• southern tier brewing company porter dark (12oz/355ml)
  • stone arrogant bastard ale (1pt 6oz, 7.2%)
  • stone 8th anniversary ale (1pt 6oz, 7.8%)
  • stone ipa (1pt 6oz, 6.9%)
  • stone ruination ipa (1pt 6oz, 7.7%)
  • stone smoked porter (1pt 6oz, 5.9%)
  • st peter's cream stout (1pt 0.9oz)
  • st peter's old-style porter (1pt 0.9oz)
  • victory storm king stout (355ml/12oz, 9.1%)
  • weyerbacher heresy (1pt 6oz)
  • young's oatmeal stout (1pt 0.9pz, 5.2%)

that gives me a pretty good stockpile of beer. i've got a 6 pack of our last ipa from tim's, 6 of the dead pope stout, about 40 bottles of raspberry porter, and the above 21 bottles. and rob's going over to premier next week if i need to have him pick anything up...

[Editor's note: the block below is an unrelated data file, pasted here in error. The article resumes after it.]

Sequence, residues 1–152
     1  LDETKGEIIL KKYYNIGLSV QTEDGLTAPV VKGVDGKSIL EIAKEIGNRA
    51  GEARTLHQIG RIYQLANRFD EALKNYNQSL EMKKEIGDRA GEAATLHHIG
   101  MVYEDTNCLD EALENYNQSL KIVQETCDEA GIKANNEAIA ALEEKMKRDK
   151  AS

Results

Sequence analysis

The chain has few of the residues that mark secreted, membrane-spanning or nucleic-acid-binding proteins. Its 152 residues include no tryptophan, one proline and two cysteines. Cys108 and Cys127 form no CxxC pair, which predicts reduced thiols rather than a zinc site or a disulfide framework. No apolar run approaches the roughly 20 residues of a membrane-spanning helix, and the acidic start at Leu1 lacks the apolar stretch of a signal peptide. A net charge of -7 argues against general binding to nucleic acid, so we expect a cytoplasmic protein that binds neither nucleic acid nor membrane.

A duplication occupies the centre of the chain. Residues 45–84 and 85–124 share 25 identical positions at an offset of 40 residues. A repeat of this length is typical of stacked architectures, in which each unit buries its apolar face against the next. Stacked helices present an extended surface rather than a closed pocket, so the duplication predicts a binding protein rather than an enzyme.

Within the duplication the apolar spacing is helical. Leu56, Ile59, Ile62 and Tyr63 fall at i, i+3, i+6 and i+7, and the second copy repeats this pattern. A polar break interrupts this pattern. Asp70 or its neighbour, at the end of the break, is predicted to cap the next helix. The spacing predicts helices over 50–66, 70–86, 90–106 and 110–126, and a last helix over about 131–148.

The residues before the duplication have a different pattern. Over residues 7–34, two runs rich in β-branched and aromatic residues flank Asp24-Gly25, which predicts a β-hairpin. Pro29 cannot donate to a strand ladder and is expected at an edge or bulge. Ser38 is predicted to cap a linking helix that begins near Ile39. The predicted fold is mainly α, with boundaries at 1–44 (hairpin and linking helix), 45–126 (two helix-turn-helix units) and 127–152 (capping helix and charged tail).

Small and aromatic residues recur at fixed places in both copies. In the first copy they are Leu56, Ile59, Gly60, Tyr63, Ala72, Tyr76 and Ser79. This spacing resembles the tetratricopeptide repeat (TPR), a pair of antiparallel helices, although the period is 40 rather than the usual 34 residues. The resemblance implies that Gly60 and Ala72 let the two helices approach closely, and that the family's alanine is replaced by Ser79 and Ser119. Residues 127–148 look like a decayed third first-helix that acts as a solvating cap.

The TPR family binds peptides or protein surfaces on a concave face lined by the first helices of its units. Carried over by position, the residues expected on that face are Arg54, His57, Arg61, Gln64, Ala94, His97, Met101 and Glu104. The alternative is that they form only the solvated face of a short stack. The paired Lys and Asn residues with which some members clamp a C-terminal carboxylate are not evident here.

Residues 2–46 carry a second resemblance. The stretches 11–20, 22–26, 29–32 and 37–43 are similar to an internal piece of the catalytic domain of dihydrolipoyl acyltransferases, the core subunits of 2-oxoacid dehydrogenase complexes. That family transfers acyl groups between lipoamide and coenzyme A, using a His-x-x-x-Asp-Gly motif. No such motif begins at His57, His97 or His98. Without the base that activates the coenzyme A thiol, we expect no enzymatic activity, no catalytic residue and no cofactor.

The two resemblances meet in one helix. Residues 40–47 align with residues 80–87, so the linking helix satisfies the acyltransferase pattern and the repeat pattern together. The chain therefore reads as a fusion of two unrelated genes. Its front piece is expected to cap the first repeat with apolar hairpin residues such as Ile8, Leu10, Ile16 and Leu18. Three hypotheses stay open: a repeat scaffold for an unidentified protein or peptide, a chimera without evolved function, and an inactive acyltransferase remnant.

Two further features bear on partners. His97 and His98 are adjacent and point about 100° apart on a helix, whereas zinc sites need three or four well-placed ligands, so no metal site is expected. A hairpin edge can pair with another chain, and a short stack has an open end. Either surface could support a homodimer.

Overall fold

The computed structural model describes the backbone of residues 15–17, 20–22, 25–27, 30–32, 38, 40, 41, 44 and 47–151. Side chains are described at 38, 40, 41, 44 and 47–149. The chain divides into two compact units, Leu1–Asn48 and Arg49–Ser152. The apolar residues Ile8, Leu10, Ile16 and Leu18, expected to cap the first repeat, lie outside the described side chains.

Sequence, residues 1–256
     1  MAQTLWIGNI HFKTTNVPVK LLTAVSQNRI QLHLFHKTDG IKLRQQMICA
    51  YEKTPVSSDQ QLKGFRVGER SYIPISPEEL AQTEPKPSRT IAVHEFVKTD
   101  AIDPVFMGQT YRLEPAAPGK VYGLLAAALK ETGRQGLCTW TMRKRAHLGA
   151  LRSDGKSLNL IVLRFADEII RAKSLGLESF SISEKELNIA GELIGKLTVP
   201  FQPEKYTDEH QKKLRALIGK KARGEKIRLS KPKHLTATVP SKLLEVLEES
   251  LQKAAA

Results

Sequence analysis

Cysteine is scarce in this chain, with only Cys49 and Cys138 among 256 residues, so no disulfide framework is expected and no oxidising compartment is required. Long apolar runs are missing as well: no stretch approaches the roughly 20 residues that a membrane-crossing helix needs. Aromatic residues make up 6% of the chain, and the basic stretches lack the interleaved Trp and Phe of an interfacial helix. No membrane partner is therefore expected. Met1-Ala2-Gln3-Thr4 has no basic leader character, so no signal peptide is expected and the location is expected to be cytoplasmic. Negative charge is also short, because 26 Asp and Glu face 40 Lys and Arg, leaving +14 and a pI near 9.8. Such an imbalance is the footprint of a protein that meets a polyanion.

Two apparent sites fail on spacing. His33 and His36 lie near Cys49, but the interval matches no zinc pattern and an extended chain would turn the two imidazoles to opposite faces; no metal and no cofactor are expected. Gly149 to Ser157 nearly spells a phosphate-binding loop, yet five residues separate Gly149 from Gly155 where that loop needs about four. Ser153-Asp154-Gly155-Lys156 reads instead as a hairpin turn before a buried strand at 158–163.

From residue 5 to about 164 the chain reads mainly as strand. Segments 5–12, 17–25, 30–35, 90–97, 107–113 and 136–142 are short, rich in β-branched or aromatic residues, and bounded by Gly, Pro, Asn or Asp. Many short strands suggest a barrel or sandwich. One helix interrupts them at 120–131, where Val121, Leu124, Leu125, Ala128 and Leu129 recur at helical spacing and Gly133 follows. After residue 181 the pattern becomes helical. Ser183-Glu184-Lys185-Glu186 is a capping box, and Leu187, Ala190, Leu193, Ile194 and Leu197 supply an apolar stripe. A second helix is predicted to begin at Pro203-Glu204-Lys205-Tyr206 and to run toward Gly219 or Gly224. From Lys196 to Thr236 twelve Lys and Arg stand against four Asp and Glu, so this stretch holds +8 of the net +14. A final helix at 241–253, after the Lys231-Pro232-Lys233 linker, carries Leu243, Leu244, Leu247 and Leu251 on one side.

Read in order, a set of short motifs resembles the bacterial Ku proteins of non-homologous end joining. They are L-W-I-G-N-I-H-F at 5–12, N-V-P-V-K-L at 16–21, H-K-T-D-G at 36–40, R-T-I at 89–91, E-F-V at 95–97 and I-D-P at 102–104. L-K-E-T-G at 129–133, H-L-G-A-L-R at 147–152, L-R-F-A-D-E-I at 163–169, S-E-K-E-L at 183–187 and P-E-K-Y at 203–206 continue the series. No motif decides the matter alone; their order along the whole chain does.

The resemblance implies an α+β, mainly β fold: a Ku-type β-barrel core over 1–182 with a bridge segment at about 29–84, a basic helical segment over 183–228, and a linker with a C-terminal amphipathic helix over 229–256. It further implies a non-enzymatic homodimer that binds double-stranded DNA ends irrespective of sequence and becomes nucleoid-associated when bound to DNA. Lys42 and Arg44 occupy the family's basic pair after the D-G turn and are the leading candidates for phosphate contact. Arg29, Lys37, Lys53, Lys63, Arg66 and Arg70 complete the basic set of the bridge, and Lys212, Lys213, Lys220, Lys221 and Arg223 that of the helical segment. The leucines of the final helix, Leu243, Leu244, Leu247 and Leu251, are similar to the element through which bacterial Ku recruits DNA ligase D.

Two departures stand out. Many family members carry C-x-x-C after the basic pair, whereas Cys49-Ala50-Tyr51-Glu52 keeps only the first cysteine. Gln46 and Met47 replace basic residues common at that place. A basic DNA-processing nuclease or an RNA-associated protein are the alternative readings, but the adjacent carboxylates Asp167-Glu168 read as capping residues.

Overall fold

on sunday morning jenn and i got up bright and early to head over to tim's place for some brewing. the biergotter gang were getting together for another brewing session, our first using our shiny new 15 gallon keg kettles. on the menu for the day was a re-vamp of our last american style ipa, updated for 10 gallons and more aggressive hopping, and a 10 gallon scottish ale. the day started off ok. everyone arrived at tim's at 9am and we started getting setup. it was fairly warm and quite humid, but overcast with a bursts of light rain. i commented that it'd be great if that was the weather we got for the rest of the day as the slight rain was counteracting the heat. however, soon after this the clouds cleared and the great fiery ball of death began to beat down on us. before long tim's back yard was starting to feel like an oven. it seems like the stone patio just reflects and radiates the heat, making it worse. at one point around the middle of the day I looked at our thermometer as it was laying on the railing of the deck and it was reading 122F (50C). in case you are unaware, that translates to "really fucking hot". add in the approximately 89% humidity and it was deadly. fortunately we had 4 brewers (me, rob, jayc, and tim) to split the work, so before long we were taking turns with having breaks in the air conditioned house for some relief. we also had the biergotter wives (jenn, piera and erin) making sure we had sunscreen on and were drinking lots of water. even so, it was difficult to stay hydrated, and even wearing sunblock i still managed to get burned. i was wearing sandals and didn't put sunblock on my feet until it was too late, so today has been pretty uncomfortable. my arms and neck are a bit tender, but nowhere near as bad as my feet. this is the second time i've had a burn on my feet (the first was in hawaii on my honeymoon) and it really sucks some serious ass. i definitely do not recommend it. oh well, hopefully they'll be feeling better in a couple days.